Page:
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April 25, 2017

The room was quietly noisy with static from a television that seems to have found a place between here and there. A scoff of old emerged from a drunk man’s gullet. Everything from the beginning of mankind leads to this moment, and it is seen as a fond distant journey. The timing of appreciation died with a single thought of self-importance. The drunk man stood in the doorway and hummed to himself. His voice has seen better days, and this was truly one of the worst. A couch sat worshiping the TV screen in all its grained vision. Static suffered and fried around the room audibly and visually. He hadn’t noticed when he took his seat. 70 was a terrible year to be alive, and this man found himself to 80. Years of torture tenured his life. It was a hissing headache and brittle joints that crippled the man’s experience. His left knee was significantly worse, but he tells the tale fondly.

She was a Philly. A real go-getter. Nothing more to say really. She would go from calm to an extreme anger in 1.2 seconds. I got into an altercation with an angry man over the Philadelphia Eagles. She stood next to me and escalated the argument, and the next thing I remember is a stool swinging towards my direction. I lifted my knee, and you would think that the stool would break. My knee did. I flew backward as she flew forwards with an empty beer bottle. It broke over the man’s head, and we got out of that bar as fast as my hobbled hopping could get us.

The pins in his knee throbbed with pain. It was an especially cold night. He missed her every day, and it only seemed to grow. His memories were the only thing that made him feel anything. Besides the pain, his brain was particularly numb. Nothing seemed to phase him. He was tired and beaten, which depressed him but gave no solace. Her name was Bridgette, he never necessarily liked that name on a woman, but it didn’t matter with her. She changed its meaning for the poor soul. While she existed on this Earth, she filled this curmudgeon with joy and love. At the age of 67, a car careened through a stop sign and rolled its weight over hers. There was no fight to be done, she died that instant. He had no children and no living family. He was truly an anomaly. A man with no future. A lineage that will die on this day. Maybe for the better, but most likely on deaf ears.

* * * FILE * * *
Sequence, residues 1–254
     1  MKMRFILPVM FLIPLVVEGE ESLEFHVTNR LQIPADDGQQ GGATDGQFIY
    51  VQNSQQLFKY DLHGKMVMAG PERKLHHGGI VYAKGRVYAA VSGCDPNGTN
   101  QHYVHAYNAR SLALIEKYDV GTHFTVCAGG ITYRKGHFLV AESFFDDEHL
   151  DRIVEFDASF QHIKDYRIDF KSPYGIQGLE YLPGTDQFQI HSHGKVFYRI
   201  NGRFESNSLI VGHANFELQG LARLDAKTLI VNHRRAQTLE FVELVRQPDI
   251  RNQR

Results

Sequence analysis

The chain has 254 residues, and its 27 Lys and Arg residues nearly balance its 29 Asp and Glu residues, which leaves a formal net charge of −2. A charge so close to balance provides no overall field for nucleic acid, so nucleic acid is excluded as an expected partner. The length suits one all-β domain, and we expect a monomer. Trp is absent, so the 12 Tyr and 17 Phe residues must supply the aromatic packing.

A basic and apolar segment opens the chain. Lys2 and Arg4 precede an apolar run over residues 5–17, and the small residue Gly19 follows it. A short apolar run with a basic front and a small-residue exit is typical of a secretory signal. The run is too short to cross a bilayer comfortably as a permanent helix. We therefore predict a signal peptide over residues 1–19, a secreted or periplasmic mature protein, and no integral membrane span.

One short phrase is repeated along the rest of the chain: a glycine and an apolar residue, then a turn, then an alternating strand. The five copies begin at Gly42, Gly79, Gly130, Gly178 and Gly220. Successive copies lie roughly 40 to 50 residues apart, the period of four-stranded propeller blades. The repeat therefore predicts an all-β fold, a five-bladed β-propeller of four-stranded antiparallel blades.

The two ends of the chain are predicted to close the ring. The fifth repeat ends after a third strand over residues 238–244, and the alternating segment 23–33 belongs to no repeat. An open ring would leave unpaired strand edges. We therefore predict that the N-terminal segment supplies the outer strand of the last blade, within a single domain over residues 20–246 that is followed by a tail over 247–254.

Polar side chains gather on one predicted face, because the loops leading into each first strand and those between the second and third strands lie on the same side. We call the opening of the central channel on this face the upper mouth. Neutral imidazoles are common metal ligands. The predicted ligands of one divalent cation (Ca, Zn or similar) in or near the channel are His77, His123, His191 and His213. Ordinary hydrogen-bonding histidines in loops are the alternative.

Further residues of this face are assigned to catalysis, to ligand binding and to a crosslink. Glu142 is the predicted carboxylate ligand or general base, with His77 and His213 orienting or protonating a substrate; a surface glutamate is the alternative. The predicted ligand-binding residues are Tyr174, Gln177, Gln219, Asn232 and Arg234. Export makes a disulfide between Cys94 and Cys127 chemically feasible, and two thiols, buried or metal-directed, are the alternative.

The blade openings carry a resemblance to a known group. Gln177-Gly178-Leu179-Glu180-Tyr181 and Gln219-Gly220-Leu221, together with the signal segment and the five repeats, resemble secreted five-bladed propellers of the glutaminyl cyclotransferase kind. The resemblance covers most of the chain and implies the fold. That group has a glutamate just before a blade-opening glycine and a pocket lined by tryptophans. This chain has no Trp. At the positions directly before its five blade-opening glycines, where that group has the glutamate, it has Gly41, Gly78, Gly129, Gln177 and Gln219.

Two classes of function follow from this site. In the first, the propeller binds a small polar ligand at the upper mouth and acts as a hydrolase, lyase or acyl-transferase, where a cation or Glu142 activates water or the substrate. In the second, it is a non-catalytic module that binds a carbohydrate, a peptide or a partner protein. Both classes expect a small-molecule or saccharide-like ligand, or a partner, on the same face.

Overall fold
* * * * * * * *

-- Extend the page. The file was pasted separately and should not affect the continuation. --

I never understood why God would do this to me. I lived an extroverted life in his grace and wisdom. Yet, he wanted me to suffer. I do suffer. Every single day I feel the life draining, and yet the pain gets worse. I think about Bridgette, and I feel empty because she’s missing. There’s no reason for me to be here. I exist for what purpose? I would love to come home and have a house with people who love me in it, but I don’t, and I’m too old to move on. So, I exist. I’m waiting to die…

He was 70 when Bridgette died. That’s when life stood still and each year stretched along long pauses of pain. He hadn’t noticed how badly his knee and other joints hurt until she was gone. He spent his days and nights alone. Nobody came by to visit him and month by month social security checks piled up. Barely used. He would go for a walk and return home to the same nothing he left. He sat on his porch and watched cars drive by. Sometimes he would even count them, most times he’d pity them. Breakfast consisted of oatmeal and lunch was a sandwich. He never ate much because he never exerted too much energy.

Over the years I’ve learned that God was a joke. I was taught that he made us to worship him and live a noble life. Bullshit, God was created to make us act right. There’s no heaven or hell. All there is is this. The more I ponder and think about existence, and what I do in the world I come to the same conclusion: I’m not here for a reason. 

The night he died was a blessing. He was drinking for the first time in a long time. He didn’t know that it would be his last, but he felt partially joyous for some reason. He woke that morning knowing that something was different. Something was going to change, but he didn’t know that was going to return to the Earth. He wouldn’t be with his late-wife, but they’d be a part of something bigger: the ether of the world.

From → Short Stories

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